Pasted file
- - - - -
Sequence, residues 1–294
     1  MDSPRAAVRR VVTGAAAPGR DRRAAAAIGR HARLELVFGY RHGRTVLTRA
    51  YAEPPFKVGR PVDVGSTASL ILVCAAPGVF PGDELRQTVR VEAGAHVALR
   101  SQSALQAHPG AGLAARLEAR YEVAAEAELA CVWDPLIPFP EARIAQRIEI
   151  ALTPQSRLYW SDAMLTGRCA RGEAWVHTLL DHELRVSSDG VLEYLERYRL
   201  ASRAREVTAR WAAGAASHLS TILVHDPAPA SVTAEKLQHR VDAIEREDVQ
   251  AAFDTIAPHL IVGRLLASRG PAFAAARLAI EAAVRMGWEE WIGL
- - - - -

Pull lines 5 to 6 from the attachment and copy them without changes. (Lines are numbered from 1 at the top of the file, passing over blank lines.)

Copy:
   151  ALTPQSRLYW SDAMLTGRCA RGEAWVHTLL DHELRVSSDG VLEYLERYRL
   201  ASRAREVTAR WAAGAASHLS TILVHDPAPA SVTAEKLQHR VDAIEREDVQ